No. But I will say something different than Károly Nagy.
PRIMARY KEY not only index the column or columns indicated, they provide a uniqueness constraint.
UNIQUE(cid) only says that
cid shall not be duplicated.
UNIQUE(cid, pid) says that the pair of values shall not be duplicated in the table. That is,
cid may be duplicated, but only with different values of
Let's back off of uniqueness for a moment.
WHERE pid=123 -- INDEX(pid) works well;
so does INDEX(pid, cid) -- in this order
WHERE pid=123 AND cid=456 -- INDEX(pid, cid) or INDEX(cid, pid) works best
That is, the order of columns in the
INDEX matters, but the order in of clauses in the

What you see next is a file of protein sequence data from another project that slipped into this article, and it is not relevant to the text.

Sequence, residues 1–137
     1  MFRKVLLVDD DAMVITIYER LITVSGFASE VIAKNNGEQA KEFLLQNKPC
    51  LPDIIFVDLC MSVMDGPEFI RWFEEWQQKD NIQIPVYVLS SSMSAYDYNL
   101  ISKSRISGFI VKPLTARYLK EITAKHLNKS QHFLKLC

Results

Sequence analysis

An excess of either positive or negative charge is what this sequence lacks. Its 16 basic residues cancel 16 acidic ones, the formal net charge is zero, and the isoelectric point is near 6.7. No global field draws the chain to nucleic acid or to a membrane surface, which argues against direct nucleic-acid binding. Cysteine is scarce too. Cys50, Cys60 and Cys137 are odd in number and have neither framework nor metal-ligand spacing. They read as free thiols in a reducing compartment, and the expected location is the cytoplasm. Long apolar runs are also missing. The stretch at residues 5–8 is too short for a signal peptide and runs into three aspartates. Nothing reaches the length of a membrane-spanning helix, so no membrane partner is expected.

WHERE does not. More and more .
Your sample table looks like a many-to-many mapping table. If so, I advise that you follow the rest of the tips here .
PRIMARY KEY, is appropriate, is faster than a
UNIQUE key since it is "clustered" with the data.
Using a second index as
INDEX(cid, pid), even though
INDEX(cid) is just as good and the pair is unique is better because it is "covering" (unless you need to check
deleted) and it avoids unnecessarily checking uniqueness during inserts.
I suggest that you will eventually decide that
createdAt are not worth the bother.
For the 6 different
WHERE clauses you mention, I suggest this set:
PRIMARY KEY(pid, cid) -- do not include `deleted`; this declares the pair unique
INDEX(cid, pid, deleted)
The perfect list would include about 4 indexes, but I don't think it is worth it. These two handle even the worst of the 6 cases adequately well.